Violent and Vapid

          Just like the film version of V for Vendetta, another (better) Moore adaptation, this film is chock-full of excessive, graphic violence. Scene after scene of appropriate violence in the comics, often taking place off-panel, is stretched out and made explicit, or changed altogether to be more disgusting. There was no need for the filmmakers to pander to those who get off on gruesome gore. The greatly extended, hopped-up fight scenes are also a major contributing factor to the unwieldy length of this 2 hour and 43 minute monstrosity.

          And although the characters do largely resemble their comic book counterparts, the female lead, the Silk Spectre, is of course younger and sexier. (Nite Owl, on the other hand, is still sporting some middle-aged paunch.) Bowing to political correctness, the Silk Spectre also could not be allowed to keep her smoking habit, as she is one of the more sympathetic of the protagonists. Smoking is bad, you see, and good people do not smoke. Whatever. But in the comics, the Silk Spectre is wanting to light a cigarette when she accidentally sets off the flamethrower in Nite Owl’s airship; in the film, as she doesn’t smoke, she sets it off for no reason at all.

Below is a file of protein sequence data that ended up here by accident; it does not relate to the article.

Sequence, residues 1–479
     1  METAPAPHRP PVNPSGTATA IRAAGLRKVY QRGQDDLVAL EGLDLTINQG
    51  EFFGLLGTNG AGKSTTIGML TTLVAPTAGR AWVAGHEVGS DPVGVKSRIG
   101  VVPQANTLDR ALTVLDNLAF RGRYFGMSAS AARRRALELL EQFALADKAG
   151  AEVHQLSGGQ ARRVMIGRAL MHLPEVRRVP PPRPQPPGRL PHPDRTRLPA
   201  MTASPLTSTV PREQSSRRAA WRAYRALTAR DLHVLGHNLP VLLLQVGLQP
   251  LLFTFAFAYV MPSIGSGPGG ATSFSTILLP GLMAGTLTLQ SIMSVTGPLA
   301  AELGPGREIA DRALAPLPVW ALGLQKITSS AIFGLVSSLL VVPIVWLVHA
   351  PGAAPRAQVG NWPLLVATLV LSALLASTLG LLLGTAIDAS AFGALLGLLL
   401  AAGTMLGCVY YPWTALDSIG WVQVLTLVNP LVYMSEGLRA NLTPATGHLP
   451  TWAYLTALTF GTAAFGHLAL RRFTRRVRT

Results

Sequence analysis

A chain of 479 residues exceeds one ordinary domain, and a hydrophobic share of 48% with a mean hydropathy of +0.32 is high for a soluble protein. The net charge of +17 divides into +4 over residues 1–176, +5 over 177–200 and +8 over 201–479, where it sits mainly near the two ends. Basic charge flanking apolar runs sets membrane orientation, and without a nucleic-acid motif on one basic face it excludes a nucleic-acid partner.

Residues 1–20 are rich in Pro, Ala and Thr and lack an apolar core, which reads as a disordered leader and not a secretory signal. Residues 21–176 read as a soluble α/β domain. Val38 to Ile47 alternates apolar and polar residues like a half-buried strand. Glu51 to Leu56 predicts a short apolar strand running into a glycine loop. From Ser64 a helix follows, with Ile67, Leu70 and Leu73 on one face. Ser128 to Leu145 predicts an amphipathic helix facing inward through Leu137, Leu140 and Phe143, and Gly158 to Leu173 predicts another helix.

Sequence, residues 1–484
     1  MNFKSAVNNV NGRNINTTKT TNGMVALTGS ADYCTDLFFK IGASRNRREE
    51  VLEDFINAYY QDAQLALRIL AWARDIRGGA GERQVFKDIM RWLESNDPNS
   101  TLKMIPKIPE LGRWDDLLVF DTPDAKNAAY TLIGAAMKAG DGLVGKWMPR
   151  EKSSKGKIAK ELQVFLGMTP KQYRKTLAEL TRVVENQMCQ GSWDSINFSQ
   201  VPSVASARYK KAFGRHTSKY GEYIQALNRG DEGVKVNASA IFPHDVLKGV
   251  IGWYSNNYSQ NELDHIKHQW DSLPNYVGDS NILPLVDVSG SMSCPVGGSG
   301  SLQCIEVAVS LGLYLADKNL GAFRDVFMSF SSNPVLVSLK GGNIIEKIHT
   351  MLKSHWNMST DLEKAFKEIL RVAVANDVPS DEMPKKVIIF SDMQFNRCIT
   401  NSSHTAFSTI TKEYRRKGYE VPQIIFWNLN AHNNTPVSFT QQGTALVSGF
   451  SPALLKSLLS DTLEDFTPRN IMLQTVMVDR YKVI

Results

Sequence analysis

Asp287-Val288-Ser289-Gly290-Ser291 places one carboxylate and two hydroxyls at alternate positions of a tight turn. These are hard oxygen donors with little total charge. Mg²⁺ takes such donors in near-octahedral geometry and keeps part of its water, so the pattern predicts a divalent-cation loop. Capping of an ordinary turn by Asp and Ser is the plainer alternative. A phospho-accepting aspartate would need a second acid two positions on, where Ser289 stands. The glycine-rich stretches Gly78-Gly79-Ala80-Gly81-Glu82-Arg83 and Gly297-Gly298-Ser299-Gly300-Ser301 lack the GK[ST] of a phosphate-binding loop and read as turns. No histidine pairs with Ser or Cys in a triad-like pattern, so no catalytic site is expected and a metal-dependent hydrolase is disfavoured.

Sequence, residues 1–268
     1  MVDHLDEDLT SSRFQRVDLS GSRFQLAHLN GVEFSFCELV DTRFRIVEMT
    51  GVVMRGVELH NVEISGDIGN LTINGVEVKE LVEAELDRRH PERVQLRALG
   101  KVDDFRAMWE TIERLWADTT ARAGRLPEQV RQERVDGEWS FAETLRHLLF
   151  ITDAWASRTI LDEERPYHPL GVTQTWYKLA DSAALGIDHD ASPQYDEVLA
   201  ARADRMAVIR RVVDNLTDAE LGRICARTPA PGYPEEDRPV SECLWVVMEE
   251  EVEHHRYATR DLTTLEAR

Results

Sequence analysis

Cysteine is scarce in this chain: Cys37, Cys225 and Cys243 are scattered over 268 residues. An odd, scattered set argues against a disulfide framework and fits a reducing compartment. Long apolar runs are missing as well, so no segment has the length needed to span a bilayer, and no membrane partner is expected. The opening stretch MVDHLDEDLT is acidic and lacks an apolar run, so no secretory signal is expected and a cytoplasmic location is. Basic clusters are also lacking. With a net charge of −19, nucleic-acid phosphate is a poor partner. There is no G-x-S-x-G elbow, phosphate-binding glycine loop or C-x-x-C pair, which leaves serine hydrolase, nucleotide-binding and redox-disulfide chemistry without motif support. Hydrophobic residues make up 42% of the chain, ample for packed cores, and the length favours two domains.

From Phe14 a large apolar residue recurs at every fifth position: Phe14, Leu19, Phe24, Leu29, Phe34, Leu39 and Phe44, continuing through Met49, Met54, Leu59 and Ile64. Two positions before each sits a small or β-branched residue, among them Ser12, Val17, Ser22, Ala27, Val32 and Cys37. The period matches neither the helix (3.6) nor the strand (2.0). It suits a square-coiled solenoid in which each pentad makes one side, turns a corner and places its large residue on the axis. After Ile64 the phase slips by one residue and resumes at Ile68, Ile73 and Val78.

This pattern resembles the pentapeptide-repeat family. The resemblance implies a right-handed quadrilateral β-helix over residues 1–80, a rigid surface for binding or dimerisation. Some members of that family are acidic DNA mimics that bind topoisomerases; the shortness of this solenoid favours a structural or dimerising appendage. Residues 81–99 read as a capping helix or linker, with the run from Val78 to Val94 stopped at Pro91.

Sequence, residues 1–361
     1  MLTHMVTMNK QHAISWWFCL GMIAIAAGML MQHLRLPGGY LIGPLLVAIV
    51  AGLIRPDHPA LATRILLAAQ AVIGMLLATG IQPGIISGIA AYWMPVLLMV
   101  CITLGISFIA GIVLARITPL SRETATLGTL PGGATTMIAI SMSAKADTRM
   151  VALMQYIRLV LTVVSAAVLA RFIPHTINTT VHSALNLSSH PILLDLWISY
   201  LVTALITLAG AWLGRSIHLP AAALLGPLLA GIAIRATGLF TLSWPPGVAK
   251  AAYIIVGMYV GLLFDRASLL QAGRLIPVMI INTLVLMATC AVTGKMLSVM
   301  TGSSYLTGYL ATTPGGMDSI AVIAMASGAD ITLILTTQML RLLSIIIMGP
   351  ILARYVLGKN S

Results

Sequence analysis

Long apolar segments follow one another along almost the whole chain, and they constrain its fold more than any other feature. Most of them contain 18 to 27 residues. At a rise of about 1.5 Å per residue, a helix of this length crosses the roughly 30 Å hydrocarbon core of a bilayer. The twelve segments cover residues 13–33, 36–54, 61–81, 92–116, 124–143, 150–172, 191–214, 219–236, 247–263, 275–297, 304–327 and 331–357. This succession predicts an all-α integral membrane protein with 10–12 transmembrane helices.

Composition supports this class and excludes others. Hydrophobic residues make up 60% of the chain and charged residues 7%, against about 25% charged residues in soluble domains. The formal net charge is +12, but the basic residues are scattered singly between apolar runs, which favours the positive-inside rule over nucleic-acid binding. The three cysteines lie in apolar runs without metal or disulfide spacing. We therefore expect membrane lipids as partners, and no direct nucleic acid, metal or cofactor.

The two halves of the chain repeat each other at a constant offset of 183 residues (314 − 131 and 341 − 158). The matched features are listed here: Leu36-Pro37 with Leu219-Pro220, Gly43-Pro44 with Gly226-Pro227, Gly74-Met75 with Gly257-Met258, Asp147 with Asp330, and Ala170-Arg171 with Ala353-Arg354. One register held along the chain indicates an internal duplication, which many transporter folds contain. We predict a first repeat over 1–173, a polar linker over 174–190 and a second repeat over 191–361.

Many of the little touches of humour scattered throughout the comics did not make it onto the big screen. Much of the humour is lost because it is provided by supporting characters who were cut entirely from the film. This might seem a minor point given that the major story arc is largely intact, but it very much affects the tone of the story. For these and other reasons, whereas the comics are engaging, even uplifting despite the darkness of the material, the movie left me feeling pretty empty.